Catch Up on News You Might Have Missed in January

It’s a new dawn, a new day, a new… legislative session in Pennsylvania. There’s no time to waste: we’re working toward bills to close the loophole in equal pay law, protect equal access to reproductive healthcare services, and to end pregnancy discrimination at work … among other important things.

First, the aerial view: On their first day in office, Congress introduced a 20-week abortion ban.

These bans, though blocked for being unconstitutional in several states, are an increasingly popular way to chisel away women’s rights, so you will be seeing a lot more of them introduced in state legislatures anyway. Congress’ plan to vote on the federal version on the anniversary of Roe v. Wade fell apart, though, when several Republican Congresswoman withdrew their support.

Instead of voting on the 20-week abortion ban, they voted on a bill that they claim stops taxpayer money from funding abortion. But in reality, the Hyde Amendment has banned the use of federal tax dollars for abortion care since 1976. What this new bill would actually do is codify the Hyde Amendment forever. It would also prohibit women from purchasing insurance policies through the exchange that cover abortion, with no exception for health of the pregnant woman.

This is just one of at least five anti-abortion bills that have been introduced in Congress so far this year.

Things are a little better than that, at least, here in Pennsylvania. Recently, Pittsburgh Councilwoman Natalia Rudiak introduced a resolution calling for paid parental leave for some city workers.

WLP attorney Amal Bass testified at Philadelphia’s third hearing on earned paid sick day legislation, and many advocates are saying that the third time will be a charm.

In response to Philadelphia’s progress, though, some state lawmakers are rushing to pass a pre-emption bill that would “bigfoot” Philadelphia’s legislation.

On the equal-pay front, the Institute for Women’s Policy Research issued a report that revealed poverty could be slashed in half if women earned equal pay for equal work.

The Women’s Law Project is proud to be on the steering committee for the Equal Pay Today campaign, a unique partnership of 17 organizations working together to eliminate the wage gap. You can sign on to the Equal Pay campaign here.

Last year, Women’s Law Project senior staff attorney Sue Friestche testified at the first hearing held in Pennsylvania before a state legislative standing committee on the subject of equal pay in 50 years. Keep an eye out for more information on the effort to progress toward equal pay in PA, there’s going to be a lot happening there.

Congratulations are in order for our friends at New Voices Pittsburgh, who helped launch The National Black Women’s Reproductive Justice Agenda.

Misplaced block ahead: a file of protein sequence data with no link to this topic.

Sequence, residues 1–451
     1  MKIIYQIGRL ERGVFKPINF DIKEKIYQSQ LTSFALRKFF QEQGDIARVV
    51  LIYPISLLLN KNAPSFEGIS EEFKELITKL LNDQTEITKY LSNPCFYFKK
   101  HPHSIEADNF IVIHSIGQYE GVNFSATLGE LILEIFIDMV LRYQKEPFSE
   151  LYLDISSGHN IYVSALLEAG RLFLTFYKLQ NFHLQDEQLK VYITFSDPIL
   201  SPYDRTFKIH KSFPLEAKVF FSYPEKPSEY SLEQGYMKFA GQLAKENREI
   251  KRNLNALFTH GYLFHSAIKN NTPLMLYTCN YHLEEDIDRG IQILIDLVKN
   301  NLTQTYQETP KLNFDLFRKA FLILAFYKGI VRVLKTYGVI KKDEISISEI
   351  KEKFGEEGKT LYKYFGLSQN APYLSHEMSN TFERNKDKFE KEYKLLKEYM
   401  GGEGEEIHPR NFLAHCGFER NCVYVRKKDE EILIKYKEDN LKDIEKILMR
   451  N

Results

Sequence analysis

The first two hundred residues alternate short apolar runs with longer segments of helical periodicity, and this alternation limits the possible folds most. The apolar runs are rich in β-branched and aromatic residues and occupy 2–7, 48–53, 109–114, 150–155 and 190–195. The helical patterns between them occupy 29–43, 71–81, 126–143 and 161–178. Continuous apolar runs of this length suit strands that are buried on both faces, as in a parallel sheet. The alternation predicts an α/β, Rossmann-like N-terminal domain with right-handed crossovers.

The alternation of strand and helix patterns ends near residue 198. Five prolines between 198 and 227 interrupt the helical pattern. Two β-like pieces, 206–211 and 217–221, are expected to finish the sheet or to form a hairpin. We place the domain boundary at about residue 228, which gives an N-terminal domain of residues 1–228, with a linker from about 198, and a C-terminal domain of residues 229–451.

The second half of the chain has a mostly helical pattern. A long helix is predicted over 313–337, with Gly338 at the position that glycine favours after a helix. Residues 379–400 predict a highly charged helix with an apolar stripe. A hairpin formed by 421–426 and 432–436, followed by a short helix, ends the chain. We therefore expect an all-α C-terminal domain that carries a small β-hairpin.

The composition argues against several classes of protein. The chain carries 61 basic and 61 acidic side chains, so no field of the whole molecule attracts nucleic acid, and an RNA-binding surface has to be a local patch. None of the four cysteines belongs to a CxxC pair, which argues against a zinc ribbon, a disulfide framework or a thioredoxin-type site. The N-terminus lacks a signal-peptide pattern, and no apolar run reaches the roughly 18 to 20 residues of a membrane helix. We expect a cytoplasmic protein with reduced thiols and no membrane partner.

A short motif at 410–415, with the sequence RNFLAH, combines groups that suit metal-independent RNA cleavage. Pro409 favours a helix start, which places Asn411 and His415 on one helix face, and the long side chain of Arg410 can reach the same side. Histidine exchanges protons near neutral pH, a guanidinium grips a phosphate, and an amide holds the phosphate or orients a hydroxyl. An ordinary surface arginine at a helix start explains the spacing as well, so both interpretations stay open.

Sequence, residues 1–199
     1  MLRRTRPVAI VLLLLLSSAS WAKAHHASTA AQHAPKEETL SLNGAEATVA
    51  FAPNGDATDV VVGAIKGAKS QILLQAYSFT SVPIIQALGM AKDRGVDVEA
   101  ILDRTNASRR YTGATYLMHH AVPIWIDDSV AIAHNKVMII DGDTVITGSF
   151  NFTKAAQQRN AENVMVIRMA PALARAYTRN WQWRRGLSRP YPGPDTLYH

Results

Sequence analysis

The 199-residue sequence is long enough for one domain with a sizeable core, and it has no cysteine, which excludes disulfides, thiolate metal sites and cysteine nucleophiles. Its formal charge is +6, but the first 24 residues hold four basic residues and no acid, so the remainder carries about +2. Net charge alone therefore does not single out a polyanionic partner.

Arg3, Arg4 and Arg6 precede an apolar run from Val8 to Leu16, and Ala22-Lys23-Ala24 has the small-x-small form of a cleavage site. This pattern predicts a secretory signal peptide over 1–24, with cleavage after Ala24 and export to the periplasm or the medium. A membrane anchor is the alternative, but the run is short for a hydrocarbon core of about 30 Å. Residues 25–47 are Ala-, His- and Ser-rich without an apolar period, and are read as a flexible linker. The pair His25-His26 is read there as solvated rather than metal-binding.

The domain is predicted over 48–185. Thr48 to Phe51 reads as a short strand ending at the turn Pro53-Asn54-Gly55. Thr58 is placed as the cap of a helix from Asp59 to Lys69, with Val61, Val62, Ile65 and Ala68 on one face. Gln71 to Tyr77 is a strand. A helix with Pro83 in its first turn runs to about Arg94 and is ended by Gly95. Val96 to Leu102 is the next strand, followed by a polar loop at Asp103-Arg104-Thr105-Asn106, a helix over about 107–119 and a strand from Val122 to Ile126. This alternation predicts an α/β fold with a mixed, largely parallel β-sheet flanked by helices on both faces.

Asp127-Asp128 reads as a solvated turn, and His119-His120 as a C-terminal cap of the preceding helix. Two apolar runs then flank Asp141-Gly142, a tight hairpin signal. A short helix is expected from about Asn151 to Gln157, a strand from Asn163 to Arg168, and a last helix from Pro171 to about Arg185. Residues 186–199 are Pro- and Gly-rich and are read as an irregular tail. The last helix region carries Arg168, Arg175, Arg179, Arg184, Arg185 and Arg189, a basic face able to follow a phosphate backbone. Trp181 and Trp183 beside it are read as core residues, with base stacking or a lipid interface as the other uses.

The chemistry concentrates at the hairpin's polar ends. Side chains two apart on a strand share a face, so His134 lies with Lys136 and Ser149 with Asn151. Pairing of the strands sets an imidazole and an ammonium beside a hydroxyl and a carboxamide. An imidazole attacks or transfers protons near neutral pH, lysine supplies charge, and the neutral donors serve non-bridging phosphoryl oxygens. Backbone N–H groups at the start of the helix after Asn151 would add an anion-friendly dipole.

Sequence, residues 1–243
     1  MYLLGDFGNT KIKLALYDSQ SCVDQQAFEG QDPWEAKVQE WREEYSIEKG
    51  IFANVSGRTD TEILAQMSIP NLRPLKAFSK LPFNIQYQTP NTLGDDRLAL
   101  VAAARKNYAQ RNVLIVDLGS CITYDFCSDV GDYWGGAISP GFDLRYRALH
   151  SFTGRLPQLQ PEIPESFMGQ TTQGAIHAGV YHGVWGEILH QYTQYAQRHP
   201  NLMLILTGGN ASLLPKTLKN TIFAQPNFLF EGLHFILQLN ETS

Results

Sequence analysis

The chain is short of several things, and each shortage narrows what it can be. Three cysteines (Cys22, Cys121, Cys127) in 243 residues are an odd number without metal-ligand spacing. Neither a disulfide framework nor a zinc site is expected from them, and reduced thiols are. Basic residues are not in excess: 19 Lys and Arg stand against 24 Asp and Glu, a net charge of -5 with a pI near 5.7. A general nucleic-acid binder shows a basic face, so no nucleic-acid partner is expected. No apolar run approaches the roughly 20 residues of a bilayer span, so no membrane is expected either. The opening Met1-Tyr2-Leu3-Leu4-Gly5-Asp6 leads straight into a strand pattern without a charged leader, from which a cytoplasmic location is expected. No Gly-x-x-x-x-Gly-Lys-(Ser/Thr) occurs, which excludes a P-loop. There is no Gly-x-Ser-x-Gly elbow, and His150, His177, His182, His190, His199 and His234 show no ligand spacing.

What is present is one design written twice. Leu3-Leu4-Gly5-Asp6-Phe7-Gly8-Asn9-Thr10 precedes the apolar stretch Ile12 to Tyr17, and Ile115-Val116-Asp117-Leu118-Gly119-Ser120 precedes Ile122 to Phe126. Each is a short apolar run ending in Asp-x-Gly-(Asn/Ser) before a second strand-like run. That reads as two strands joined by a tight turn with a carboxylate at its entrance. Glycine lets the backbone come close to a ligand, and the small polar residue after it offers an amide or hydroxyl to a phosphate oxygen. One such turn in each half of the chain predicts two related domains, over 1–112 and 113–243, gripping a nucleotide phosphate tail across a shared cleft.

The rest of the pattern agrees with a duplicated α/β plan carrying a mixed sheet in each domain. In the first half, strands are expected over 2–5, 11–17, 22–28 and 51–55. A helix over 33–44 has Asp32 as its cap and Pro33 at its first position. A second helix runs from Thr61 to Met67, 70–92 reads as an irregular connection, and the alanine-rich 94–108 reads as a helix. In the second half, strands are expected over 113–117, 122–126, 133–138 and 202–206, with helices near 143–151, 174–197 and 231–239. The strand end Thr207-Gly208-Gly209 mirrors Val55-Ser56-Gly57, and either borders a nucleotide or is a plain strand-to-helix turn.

Then there’s Medicaid. Last month, Women’s Law Project and Community Legal Services filed a federal class-action lawsuit on behalf of Planned Parenthood Southeastern Pennsylvania, New Voices Pittsburgh, and a private individual, against the Pennsylvania Department of Human Services (DHS) for unlawfully delaying the enrollment of tens of thousands of Pennsylvania women into comprehensive Medicaid coverage for which they qualified effective January 1.

The press is wondering what we are we: Why is Pennsylvania Unlawfully Delaying Health Coverage for Low-Income Women?

So far this year, we’ve already issued a bad-bill alert. The first official bad bill of 2015 would enable virtually anyone to refuse to do their job if they “conscientiously object” to a patient obtaining contraception or having an abortion, even a medically necessary termination.

A recent report revealed that abortion clinic harassers are “emboldened” by a wave of anti-choice bills: threats against abortion providers have doubled since 2010.

It’s distressing news. Know that Women’s Law Project is working closely with Senator Larry Farnese on a new state bill that would protect providers and patients trying to enter healthcare facilities.

In a recent issue of The Legal Intelligencer, Staff attorney Amal Bass highlighted four key bills in the Pennsylvania Agenda for Women’s Health that we’ll be working on this year.

The Pennsylvania Agenda for Women’s Health will be one of the hot topics at the Progressive Summit, happening this weekend in Harrisburg. In addition to an entire panel dedicated to exploring the Agenda, senior staff attorney Sue Friestche is co-hosting a panel called “Abortion in the U.S.: The Good and the Bad, and the Local.” Tara Murtha is co-hosting a “Media Training 101” for advocates interested in learning how to successfully work with editors and reporters.

That’s it for now. It’s going to be a very busy next few months.

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About womenslawproject

The Women's Law Project creates a more just and equitable society by advancing the rights and status of all women throughout their lives. To this end, we engage in high-impact litigation, advocacy, and education.
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